FOR THE RECORD -- November 1997
PRESENTING KAREN AKERS
Possessed of arguably the most unique voice on the cabaret scene, a contralto that has been likened to "silver bells wrapped in velvet," Karen Akers (r.) has released five solo albums to date. Because cabaret is an experience that is largely based on the interaction between a performer and his or her audience, it is surprising that none of Akers's previous albums had been recorded live. So it is very exciting to announce that the latest effort from the statuesque chanteuse was recorded live during her stint at Rainbow & Stars last May, and the singer/actress has never sounded better. Simply titled Karen Akers Live, the new CD shows just why Akers is a favorite on the cabaret circuit, delivering honest, emotional renditions of an eclectic collection of songs.
From the moment she begins, with a wonderful medley of "Fun To Be Fooled" and "How Little We Know," it's clear that Akers is at the top of her form, in great vocal shape and one of the best interpreters around. A highlight of her program, which finds the singer performing in English, French and Italian, is the little-heard "Chanson" from The Baker's Wife. Here, Akers takes Stephen Schwartz's charming song and turns it into a highly-moving experience about finding different shades in everyday life. She also delivers a stirring version of "My Brother Lived in San Francisco," a beautiful tune from the musical Angels, Punks and Ranging Queens that explores the aftermath of a brother's death from AIDS.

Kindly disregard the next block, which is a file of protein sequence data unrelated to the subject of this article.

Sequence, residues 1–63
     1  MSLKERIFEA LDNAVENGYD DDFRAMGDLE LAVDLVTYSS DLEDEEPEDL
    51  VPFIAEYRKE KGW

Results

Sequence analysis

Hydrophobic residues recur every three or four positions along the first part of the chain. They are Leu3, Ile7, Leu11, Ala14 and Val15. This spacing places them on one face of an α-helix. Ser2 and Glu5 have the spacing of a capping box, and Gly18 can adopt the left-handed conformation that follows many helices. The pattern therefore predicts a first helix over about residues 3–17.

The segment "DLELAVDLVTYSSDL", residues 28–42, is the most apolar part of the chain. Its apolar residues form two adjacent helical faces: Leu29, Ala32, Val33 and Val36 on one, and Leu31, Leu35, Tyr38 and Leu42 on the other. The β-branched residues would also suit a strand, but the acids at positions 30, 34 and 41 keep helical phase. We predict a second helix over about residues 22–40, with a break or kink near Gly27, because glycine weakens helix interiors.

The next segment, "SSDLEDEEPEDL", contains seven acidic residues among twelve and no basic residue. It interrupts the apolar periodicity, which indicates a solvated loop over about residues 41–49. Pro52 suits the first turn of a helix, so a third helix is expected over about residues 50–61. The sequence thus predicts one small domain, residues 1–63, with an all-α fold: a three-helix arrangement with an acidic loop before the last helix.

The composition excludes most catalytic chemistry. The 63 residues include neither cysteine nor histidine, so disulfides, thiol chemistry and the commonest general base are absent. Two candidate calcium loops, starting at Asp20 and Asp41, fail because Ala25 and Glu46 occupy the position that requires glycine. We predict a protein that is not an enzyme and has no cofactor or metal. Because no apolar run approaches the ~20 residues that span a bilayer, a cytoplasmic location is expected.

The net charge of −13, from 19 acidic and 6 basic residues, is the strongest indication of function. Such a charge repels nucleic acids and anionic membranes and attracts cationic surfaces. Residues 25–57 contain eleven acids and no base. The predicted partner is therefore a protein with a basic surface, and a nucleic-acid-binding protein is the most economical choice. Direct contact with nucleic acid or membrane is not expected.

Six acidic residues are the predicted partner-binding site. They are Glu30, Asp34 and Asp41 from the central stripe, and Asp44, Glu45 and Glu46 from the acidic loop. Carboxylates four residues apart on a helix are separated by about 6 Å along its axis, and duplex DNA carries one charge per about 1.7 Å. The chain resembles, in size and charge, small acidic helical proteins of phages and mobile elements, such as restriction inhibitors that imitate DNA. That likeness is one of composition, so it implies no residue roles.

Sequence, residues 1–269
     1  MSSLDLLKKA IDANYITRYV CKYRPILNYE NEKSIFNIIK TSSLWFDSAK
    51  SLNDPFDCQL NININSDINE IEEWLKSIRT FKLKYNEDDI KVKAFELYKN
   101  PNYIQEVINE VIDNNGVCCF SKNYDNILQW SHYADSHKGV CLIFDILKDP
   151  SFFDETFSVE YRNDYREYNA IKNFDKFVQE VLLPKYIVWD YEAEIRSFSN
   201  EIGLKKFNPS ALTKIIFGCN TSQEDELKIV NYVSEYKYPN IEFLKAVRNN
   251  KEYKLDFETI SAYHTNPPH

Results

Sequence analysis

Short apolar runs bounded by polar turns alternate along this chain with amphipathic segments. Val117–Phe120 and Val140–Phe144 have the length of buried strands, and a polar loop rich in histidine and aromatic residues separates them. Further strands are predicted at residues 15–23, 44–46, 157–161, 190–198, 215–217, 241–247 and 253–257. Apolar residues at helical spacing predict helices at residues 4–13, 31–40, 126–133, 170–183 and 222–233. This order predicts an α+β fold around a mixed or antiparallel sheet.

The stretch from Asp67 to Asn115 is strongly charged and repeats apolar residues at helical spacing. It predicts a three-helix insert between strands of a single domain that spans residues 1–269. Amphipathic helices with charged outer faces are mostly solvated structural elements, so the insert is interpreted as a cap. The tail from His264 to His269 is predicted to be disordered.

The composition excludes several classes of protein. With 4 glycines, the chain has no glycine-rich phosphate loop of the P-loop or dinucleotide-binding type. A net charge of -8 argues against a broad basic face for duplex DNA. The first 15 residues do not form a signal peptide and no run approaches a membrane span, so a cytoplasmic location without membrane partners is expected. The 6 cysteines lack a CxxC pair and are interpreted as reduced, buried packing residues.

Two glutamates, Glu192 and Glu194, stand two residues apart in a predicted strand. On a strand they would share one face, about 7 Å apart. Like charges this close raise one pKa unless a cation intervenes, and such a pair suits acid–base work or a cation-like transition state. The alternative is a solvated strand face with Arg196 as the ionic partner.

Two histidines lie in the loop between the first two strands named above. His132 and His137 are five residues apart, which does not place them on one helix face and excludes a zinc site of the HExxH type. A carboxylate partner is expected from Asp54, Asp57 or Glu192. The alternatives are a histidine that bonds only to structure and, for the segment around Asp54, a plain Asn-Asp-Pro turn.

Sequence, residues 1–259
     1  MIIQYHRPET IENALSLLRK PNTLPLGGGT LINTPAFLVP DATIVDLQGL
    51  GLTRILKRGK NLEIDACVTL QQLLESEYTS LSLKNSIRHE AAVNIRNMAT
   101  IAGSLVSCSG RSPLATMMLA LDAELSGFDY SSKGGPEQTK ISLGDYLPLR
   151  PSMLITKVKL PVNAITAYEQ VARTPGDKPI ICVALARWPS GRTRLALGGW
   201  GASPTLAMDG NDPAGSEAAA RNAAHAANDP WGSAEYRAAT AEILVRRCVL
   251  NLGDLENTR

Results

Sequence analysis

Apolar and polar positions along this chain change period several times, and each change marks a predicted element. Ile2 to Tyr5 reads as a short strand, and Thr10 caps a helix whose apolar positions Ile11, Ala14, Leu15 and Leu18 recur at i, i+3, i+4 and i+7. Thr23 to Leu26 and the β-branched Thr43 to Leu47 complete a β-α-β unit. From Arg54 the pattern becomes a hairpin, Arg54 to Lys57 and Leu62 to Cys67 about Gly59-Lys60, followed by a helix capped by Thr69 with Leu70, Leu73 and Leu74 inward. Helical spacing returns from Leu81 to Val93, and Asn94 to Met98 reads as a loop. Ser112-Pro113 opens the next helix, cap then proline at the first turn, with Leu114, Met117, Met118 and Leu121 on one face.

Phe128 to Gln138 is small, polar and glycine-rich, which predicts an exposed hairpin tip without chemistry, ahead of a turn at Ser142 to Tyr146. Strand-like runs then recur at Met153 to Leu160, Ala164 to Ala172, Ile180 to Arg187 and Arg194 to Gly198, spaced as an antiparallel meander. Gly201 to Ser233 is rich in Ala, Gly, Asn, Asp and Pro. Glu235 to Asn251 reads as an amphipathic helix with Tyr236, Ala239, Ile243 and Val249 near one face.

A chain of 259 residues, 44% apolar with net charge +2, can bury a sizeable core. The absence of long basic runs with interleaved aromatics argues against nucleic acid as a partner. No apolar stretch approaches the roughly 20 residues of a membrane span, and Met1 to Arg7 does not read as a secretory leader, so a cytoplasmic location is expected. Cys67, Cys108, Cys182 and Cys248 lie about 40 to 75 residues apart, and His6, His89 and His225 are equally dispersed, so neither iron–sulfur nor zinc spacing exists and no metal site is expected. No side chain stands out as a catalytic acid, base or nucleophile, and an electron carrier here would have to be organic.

LET'S HEAR IT FOR THE BOYS (AND THE GIRLS)
Just listen to the way the three "songbirds" Debbie Gravitte, Rebecca Luker and Sarah Uriarte Berry soar through Rodgers and Hart's "Sing for Your Supper," and you'll realize why the Encores! presentation of The Boys from Syracuse was one of the highlights of the theatre season just past. Now available on DRG, the recording also boasts "Falling in Love with Love," gorgeously sung by Luker; Malcom Gets's beautiful delivery of "The Shortest Day of the Year"; Gravitte's jazz-influenced and belty version of "Oh, Diogenes"; and Davis Gaines's full-voiced "Dear Old Syracuse."
Two of the more engaging male cabaret singers have each recently released solo albums: David Campbell and Christian Nova. Campbell, an Australian actor who has taken the cabaret scene by storm, has entitled his second CD Taking the Wheel (Philips), and his material spans the gamut from old chestnuts ("I Got Rhythm") to brand-new material (John Bocchino's "Grateful"), and he sings both with a knowing intensity. Nova's disc, Walking Happy (Original Cast Records), also spans many generations of composers, and he lends his rich baritone to the works of Berlin, Sondheim and more.
Spotlight: Michelle Nicastro
Fans of the modern musical theatre will be happy to peruse the song list of Michelle Nicastro's latest CD, On My Own. This Varese Sarabande recording finds the original Eponine of the Los Angeles production of Les Miserables singing songs from a plethora of current and recent musicals, including Jekyll & Hyde ("This Is the Moment"), The Phantom of the Opera ("All I Ask of You"), Song and Dance ("Unexpected Song") and Rent ("Seasons of Love"). Nicastro has a sweet, almost childlike voice that is perfectly suited to the sentimentality of "Sun and Moon" from Miss Saigon, yet one that is rangy enough to deliver an emotional version of Les Miz's "On My Own."-- By Andrew Gans